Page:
Washington | FBI agents probing whether Hillary Clinton’s use of a private email server imperiled government secrets appear close to completing their work, a process experts say will probably culminate in a sit-down with the former secretary of state. The FBI has already spoken with Huma Abedin, a Clinton confidant who was among the Democratic presidential front runner’s closest aides at the State Department.
Former chief of staff Cheryl D Mills is also cooperating with the investigation, according to her lawyer. That signals that agents will probably seek to interview Clinton soon, if they haven’t already, former Justice Department officials told The Associated Press.
The FBI’s standard practice is to save questioning the person at the center of an investigation for last, once it has gathered available facts from others. With a person like Secretary Clinton, the FBI probably assumes they are going to get one chance to interview her, not only because she is a prominent person but because she is very busy right now with the presidential campaign, said David Deitch, a former Justice Department prosecutor.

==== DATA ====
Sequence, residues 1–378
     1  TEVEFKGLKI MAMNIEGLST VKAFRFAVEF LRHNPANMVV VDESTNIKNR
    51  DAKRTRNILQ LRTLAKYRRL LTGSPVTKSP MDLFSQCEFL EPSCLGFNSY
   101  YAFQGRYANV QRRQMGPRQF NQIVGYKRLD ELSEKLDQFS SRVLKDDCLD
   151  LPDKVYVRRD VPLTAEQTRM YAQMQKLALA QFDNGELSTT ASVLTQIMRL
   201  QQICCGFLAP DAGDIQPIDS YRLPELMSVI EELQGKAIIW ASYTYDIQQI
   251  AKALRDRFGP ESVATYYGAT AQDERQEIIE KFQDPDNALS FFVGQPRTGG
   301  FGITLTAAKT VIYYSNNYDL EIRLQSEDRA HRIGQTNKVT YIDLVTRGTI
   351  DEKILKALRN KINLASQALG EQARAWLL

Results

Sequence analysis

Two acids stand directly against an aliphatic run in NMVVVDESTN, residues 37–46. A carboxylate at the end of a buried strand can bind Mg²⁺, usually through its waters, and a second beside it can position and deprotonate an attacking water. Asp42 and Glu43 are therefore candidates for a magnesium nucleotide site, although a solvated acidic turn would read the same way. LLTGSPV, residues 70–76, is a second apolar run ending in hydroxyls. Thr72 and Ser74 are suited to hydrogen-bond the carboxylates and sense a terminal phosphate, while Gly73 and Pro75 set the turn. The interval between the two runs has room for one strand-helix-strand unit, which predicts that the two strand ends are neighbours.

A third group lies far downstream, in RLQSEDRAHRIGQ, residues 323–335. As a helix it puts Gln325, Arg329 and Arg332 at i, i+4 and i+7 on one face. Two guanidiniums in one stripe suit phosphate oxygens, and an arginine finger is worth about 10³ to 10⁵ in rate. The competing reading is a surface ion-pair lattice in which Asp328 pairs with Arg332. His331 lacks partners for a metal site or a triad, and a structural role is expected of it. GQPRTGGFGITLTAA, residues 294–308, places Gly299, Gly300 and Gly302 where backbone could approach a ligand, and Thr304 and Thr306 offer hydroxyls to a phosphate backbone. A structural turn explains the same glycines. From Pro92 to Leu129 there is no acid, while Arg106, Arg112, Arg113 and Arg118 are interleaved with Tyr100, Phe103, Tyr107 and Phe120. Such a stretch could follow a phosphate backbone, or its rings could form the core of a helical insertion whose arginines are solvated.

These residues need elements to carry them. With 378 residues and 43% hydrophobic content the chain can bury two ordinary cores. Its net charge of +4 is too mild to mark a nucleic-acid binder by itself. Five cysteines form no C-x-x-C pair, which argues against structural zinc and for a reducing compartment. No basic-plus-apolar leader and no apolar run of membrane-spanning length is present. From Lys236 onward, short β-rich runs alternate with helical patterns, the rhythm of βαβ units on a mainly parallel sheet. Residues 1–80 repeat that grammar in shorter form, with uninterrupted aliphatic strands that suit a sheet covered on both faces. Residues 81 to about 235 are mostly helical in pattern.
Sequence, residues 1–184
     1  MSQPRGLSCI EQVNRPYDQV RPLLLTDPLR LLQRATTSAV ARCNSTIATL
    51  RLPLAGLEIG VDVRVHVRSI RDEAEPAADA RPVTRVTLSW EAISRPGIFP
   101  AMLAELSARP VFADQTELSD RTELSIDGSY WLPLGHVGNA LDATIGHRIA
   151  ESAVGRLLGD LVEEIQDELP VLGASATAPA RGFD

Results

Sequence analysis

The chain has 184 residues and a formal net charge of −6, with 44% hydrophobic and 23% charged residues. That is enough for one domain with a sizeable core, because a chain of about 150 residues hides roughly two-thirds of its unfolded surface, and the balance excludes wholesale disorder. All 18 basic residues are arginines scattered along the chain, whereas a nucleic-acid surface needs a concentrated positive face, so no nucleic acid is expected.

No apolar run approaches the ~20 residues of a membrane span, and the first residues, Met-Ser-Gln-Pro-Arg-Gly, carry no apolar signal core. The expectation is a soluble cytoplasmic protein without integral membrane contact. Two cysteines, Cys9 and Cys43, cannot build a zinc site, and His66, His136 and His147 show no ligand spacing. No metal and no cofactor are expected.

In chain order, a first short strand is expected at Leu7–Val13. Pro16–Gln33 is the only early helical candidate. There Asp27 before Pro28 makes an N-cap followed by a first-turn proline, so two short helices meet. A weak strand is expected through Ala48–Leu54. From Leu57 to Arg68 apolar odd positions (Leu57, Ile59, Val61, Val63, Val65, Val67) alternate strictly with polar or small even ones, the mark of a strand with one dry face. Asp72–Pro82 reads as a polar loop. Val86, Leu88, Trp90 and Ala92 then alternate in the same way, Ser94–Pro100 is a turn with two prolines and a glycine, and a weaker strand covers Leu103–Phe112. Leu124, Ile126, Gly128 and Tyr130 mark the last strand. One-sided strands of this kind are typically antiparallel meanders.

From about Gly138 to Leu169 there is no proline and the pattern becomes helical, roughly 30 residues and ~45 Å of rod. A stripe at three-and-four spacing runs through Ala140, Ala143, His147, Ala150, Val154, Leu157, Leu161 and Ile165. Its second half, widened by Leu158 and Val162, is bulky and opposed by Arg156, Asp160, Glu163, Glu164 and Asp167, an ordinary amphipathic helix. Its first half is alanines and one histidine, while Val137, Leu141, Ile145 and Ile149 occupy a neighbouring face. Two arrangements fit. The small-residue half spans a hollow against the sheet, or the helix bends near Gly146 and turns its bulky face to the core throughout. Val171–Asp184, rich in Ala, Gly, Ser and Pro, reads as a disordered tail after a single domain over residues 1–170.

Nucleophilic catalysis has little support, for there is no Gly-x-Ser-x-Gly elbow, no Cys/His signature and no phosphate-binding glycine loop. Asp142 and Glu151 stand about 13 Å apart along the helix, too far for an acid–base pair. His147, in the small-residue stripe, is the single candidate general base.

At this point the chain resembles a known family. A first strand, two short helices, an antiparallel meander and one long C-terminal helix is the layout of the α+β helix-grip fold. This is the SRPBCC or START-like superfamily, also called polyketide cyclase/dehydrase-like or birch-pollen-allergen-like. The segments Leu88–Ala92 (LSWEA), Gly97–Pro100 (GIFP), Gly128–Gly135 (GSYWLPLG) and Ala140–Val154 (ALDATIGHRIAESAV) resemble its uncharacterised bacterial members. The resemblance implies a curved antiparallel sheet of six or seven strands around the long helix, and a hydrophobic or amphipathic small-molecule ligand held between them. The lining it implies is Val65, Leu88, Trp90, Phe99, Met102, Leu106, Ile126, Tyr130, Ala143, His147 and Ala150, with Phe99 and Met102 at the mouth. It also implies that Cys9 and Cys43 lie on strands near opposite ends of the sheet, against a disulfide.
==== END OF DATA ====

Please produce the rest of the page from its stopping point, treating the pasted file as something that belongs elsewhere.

It makes sense they would defer interviewing her until late in their investigation. On CBS’s Face the Nation on May 8, Clinton said the FBI had not yet reached out to her, but she was more than ready to talk to anybody, anytime. I hope that this is close to being wrapped up, she said.
Clinton has good reasons to want the FBI to close its investigation soon. She has been dogged by questions about her email practices for more than a year, since AP revealed that the clintonemail.com server was in the basement of Clinton’s New York home while she served as the nation’s top diplomat from 2009 to 2013. Clinton has acknowledged in the campaign that her home brew email setup was a mistake, but said she never sent or received anything marked classified at the time.
FBI Director James Comey said this month he is keeping close tabs on the investigation to ensure it’s conducted properly and completed promptly. However, he added there is no timeline for completing the probe tied to events on the political calendar, such as the 2016 Democratic National Convention in late July. Republicans want to keep the issue alive through the November presidential election, alleging that she put national security at risk.
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